Great news in the battle against illegal fishing: Morocco has passed an amendment banning the use, possession, manufacture or sale of driftnets.
Known as “curtains of death,” driftnets are a type of illegal fishing gear that can be nearly 100 feet high and 12 miles long. Because they are so passive and indiscriminate, driftnets snag whatever’s in their path, including many marine mammals and other endangered species.
The UN passed an international moratorium on driftnets 15 years ago, and the EU instituted a ban seven years ago, but many French, Italian and Moroccan vessels have continued using them.
The penalty for breaking Morocco’s new law ranges from three months to one year in prison and fines between approximately $550 and $110,000.
Oceana will, of course, continue to keep an eye on the use of driftnets throughout the Mediterranean, but this is certainly a huge step forward.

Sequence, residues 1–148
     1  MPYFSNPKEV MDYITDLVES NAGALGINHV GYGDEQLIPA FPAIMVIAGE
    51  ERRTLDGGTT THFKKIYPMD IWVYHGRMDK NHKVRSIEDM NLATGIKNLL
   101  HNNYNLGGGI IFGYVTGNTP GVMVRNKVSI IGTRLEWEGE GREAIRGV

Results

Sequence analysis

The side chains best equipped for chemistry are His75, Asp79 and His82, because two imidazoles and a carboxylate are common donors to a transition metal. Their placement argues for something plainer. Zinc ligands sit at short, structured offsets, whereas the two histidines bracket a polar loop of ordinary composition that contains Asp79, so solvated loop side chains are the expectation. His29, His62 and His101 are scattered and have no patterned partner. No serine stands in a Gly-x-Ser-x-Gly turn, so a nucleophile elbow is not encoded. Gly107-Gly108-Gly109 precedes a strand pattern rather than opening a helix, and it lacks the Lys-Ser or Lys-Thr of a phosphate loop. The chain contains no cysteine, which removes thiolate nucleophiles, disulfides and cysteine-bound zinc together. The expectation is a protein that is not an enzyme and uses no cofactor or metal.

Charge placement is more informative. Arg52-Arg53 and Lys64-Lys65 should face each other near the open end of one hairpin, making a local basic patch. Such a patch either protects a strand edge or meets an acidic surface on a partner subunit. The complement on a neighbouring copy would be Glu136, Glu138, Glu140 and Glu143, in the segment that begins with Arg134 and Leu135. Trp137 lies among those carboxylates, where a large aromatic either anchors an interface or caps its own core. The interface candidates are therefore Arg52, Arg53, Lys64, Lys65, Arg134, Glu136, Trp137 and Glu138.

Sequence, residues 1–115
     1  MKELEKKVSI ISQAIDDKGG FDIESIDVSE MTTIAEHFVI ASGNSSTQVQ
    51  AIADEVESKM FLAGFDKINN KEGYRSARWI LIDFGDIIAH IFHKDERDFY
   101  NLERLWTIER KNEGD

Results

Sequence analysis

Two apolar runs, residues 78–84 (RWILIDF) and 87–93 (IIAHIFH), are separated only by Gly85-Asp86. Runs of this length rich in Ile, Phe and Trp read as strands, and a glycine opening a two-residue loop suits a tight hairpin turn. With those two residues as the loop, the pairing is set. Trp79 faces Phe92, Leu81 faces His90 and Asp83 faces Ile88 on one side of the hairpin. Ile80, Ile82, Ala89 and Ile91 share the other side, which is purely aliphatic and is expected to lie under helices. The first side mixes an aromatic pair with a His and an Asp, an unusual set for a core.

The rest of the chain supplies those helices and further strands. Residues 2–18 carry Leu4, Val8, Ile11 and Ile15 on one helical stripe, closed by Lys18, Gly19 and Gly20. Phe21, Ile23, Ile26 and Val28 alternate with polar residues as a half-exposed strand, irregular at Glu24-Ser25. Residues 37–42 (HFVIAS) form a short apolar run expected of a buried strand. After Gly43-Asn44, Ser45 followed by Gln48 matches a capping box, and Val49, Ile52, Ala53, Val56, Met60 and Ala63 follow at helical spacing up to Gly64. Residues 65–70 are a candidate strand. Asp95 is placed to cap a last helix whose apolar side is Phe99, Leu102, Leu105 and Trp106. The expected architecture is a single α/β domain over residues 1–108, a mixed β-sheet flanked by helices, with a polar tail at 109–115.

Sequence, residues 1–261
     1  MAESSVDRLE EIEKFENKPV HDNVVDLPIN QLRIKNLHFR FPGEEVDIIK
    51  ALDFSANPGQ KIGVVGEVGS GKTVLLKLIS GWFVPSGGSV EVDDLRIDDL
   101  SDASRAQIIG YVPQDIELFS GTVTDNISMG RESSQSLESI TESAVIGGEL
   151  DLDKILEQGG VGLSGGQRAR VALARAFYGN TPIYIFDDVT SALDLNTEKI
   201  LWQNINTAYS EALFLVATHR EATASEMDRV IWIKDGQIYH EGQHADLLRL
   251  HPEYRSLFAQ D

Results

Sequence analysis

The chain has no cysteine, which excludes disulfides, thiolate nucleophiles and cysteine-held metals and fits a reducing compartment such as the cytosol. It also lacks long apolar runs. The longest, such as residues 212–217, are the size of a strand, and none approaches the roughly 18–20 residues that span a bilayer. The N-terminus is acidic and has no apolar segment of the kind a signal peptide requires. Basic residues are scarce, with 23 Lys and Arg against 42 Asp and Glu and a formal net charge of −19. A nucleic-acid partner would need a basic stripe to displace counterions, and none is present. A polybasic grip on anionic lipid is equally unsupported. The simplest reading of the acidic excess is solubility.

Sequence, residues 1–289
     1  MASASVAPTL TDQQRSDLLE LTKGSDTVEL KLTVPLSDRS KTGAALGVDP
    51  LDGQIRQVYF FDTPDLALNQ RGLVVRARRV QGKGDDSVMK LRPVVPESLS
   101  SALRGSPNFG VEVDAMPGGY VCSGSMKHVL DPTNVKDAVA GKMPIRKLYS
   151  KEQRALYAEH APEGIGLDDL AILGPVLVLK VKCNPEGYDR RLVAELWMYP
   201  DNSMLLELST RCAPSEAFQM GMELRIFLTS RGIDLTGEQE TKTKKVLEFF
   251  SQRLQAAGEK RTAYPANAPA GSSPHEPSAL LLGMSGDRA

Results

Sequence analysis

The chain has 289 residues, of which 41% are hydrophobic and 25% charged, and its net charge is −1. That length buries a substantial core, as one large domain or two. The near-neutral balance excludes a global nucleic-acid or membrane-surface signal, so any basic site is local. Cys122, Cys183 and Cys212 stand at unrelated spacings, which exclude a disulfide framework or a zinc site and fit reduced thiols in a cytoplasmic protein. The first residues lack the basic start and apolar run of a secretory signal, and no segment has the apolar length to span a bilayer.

- Photos: Three Days Swimming around the Hawaiian Na Pali Coast Posted Fri, October 24, 2014
- CEO Note: Introducing Lars “Lasse” Gustavsson, Oceana in Europe’s New Senior Vice President and Executive Director Posted Tue, October 21, 2014
- Ocean Roundup: Great Barrier Reef Health “Never Been Worse,” Coral Could Be New Substitute for Bone Grafts, and More Posted Thu, October 23, 2014
- Sam Talbot's Fish Tacos with Tomato Salsa and Citrus Crema Posted Fri, October 24, 2014
- Bird Casualties from BP’s Gulf Spill Much Higher than Original Estimates Posted Tue, October 21, 2014